“Why do you hate him so?!” The ensuing “discussion” was one of bashing each other for holding a different opinion. It could also have been the question, “Why do you love him so?!” It set me off on another path of pondering only recently. Indeed, is there really only hatred or love around us these days? Or is it some kind of misconception that in order to be persuasive about a topic we need to express ourselves strongly? That there is nothing that works unless it is literally polarizing?!
If hatred is simply the exact opposite of love, does it capture everything that we want to express? Do our words as to expressing our feelings about people or, as a matter of fact, things capture what we really feel? Or have these words “love” and “hate” deteriorated to mere phrases? Does “I hate Brussel sprouts” come on the same scale as “I hate politician Soandso”? Telling your spouse “I love you” as “I love Greek cuisine”? Have we become this inexpressive and, therefore, kind of insensitive that we only use these two words to let others know where we stand?
I may have fallen for the same trap, mind you. It’s so much easier to tell somebody “I love your dress” instead of saying “The pattern of your dress has such lively colors; it makes me smile”. Umh, yes, I get it – it’s a bit long. But this is WHY I admire it – so why not say so?! After all, this is a very personal perception.
Basically, I think that one can only love or hate something or somebody one has experienced really deeply. One needs to know them in detail to judge them with these all-encompassing terms “love” or “hate”. Besides, there are enough other words that express similar, but with a different quality. Like, admire, appreciate, care for, be passionate about, enjoy are just a few that lend the term “love” more quality and make room for detail. So do the terms dislike, abhor, disdain, loathe, detest, despise for “hate”. Still, I think that in order to get back to a culture of discussion we need to abstain from the two poles of “hatred” and “love” way more often and instead look into ourselves for what really stirs us.
“Why do you hate him so?!” The interesting thing about this case, a question about the attitude towards a politician (and it could have been an actor, a singer, a sports person etc.) was that apparently there is a climate where there is only one or the other, love or hatred. Which bewilders me. How can I love or hate anybody whom I don’t know personally? Whom I watch only in snippets that the media choose, comment, maybe even distort for me? How can I judge whether I love or hate a person whom I have never met and who won’t ever care enough to know my name in return? I can judge their action. I can judge their manners. I can judge their words. Does that capture enough to say I hate a person? I love a person? Have I tried to separate the action from the person and tried to be objective? Is a person like something edible that I am willing to spit out or devour depending on whatever bit of them I taste?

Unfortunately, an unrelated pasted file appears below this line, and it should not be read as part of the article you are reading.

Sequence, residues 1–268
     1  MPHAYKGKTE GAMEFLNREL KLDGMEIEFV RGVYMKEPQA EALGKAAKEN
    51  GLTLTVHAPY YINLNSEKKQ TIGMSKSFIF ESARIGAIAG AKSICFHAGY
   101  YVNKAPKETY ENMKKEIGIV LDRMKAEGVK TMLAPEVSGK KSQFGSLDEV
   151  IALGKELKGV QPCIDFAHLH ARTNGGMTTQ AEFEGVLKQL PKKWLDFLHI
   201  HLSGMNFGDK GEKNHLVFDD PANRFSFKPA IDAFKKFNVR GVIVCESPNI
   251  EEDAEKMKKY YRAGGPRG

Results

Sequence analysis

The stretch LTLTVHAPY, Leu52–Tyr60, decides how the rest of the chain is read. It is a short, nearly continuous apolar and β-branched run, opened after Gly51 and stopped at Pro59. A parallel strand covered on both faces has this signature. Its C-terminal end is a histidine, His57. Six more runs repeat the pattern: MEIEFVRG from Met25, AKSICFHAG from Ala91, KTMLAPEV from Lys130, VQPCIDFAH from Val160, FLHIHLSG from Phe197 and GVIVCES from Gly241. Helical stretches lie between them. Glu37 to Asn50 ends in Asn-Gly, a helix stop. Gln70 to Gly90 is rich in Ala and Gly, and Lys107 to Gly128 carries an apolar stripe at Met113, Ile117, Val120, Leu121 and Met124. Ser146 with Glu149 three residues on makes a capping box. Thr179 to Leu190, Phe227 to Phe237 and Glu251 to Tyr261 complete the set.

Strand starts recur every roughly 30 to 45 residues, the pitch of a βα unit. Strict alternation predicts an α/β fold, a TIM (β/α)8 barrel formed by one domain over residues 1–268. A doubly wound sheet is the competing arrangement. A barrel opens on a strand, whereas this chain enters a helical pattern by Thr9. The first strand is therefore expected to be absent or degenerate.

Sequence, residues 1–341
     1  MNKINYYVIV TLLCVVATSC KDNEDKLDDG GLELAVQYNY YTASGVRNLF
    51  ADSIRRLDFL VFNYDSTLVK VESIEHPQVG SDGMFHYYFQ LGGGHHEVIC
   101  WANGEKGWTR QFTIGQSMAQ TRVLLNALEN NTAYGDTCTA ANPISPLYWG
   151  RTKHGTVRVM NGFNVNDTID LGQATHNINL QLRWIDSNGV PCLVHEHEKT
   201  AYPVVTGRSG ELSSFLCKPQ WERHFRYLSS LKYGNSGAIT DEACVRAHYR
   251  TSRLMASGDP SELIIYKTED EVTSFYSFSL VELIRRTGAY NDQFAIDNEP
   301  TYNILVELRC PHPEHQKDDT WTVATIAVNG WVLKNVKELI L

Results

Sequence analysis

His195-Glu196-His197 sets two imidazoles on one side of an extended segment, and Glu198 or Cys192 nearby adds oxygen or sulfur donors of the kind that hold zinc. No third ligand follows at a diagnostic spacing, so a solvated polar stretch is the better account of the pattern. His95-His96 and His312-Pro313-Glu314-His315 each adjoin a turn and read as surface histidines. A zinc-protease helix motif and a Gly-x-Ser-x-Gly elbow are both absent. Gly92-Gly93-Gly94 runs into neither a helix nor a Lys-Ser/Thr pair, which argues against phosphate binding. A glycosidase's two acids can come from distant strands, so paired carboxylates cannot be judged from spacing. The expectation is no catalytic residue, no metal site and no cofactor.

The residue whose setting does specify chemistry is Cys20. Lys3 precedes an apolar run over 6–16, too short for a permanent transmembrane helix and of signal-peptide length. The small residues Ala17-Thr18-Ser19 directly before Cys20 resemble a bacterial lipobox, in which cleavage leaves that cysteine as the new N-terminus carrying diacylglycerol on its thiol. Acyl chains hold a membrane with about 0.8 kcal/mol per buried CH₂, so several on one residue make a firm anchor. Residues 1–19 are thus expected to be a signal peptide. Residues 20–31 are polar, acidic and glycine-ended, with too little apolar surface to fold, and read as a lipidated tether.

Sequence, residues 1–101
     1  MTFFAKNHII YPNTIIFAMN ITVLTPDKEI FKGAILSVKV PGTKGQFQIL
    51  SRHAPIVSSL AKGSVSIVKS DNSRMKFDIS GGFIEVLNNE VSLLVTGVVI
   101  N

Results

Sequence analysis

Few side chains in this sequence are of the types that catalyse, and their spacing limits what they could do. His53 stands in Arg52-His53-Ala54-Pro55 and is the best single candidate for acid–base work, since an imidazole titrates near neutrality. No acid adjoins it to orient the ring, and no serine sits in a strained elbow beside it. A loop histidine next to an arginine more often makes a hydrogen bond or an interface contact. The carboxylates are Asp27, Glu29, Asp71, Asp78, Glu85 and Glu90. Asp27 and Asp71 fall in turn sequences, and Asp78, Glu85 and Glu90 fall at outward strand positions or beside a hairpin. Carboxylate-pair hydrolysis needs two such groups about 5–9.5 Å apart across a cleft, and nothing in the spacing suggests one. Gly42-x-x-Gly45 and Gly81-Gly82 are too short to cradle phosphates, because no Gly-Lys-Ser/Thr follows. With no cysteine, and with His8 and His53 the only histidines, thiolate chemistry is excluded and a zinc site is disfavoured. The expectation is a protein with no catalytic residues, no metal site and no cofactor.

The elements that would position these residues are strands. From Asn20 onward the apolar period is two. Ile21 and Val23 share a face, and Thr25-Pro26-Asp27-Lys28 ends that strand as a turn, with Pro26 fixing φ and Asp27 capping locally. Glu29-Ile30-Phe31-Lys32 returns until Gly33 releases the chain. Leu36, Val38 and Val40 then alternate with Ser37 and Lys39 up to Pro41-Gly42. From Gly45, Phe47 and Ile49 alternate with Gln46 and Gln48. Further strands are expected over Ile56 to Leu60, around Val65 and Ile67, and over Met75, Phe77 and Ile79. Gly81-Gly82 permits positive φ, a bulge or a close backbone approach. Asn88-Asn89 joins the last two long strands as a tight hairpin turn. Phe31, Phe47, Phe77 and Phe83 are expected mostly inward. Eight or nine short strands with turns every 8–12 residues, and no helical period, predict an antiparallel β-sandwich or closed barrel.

Indeed, I have strong dislikes for the manner, the words, and the actions of different persons – I wouldn’t find the words “I hate” for them, as they are not important enough to me. I also admire the performance, the words, the actions of others, and I still wouldn’t say “I love” them, as I don’t know them personally. Nor will I ever. And, to be honest, if asked would I like to meet some of the former or the latter, in most cases I’d be indifferent. Take your favorite actor or actress – do you “love” them because of the roles they perform, because of their looks, or because you really know them?
If we want to get back to a healthy culture of debate again, not retain one of boxing up people into the two camps of Yayers or Nayers no matter which topic, we need to have a closer look at what people, what WE really have to say. At all the shades in between black and white, at all the grays and the colors, at all the expressive terms and all the reasoning that lead us away from platitudes and presumptions. It might give us an insight and even an understanding of a different stance that is nowhere near as simplified as “love” or “hate”.